I am on my way to drop my child at daycare, the trees that line the median and either side of the road are glowing in the morning sun. Russet, Auburn, Sun-burnt, Fiery. The adjectives spring to my mind even before I can comprehend them. The colors are breathtaking. I wish if only for a moment to be able to stop and capture the magnificence of fall as it happens.
I drive on, realizing that the beauty is breathtaking only because it is transient. My drive back is weighty, quiet even. I don’t turn the radio on. My head is a swirl of thoughts. Just before I drove off from the daycare, I checked my phone. At least five different apps were lit up in red indicating messages to be read, responded to. Some made me smile, like the gofundme app that told me that the balance had doubled since the last time I checked. Then there were the WhatsApp messages from family. The last were messages from people – friends, strangers and anonymous people around the world.
The messages were the same in essence. Thank you for doing what you do. Thank you for stepping up for a stranger. Thank you for doing things I wouldn’t have done. My fingers hovered over the reply button debating between “No! Thank you!” or “You are welcome.”
The third more honest reply sat in my head, unvoiced. “What are you thanking me for?” This is exactly anyone else in my position would have done. When you see an accident on the road, you do not walk away. You try and help. You clear the airway, you call the ambulance, you call the police. You wait until the responsibility shifts to an appropriate resource. Then, you walk away.
When you hear appalling stories of how someone has been treated inside a relationship whose sole basis for existence is trust and love, how can you walk way? How can you step away thinking someone else will help? Isn’t there a part of you grateful you have never had to face something like that? Isn’t there a part of you wishing and hoping you could wave a magic wand and make the problems vanish? Isn’t there a part of you that wants to go all out and say “Don’t worry, I will help you, I will take care of you until you can take care of yourself”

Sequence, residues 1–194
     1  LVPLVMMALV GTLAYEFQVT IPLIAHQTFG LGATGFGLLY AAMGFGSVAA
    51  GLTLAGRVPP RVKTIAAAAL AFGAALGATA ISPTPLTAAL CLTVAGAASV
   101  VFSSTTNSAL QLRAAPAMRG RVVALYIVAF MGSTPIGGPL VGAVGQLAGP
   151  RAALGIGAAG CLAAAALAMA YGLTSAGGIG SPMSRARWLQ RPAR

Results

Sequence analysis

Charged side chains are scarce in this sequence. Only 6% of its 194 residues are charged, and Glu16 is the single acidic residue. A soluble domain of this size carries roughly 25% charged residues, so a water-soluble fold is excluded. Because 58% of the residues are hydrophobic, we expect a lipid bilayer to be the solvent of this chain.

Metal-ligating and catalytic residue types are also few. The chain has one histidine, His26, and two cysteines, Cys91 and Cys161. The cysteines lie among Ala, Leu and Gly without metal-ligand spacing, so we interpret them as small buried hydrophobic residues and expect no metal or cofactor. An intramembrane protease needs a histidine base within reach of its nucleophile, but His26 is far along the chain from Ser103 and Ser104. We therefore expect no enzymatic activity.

Then I realize I haven’t always been this way. As a teenager, I have walked away from accidents. Even today, I do not stop and drop coins into every beggar’s hands I pass when in India. I am not moved by appeals for relief when natural disasters strike, at least not all the time.
Becoming an adult has with it made me susceptible to certain things more than others. Unfairness, injustice, women’s rights, abuse of any kind. These things make me pause. They make me care. They make me stay up at night researching ways to help. They make me pour my heart out to strangers hoping they will be as moved as I am.
Perhaps, the next time someone thanks me for what I am doing, I should be gracious and smile. I should say you are welcome and know that they will be moved by something else that I cannot see myself getting involved with. That there will be moments I will be looking upon someone as savior when in truth they are debating the tag themselves.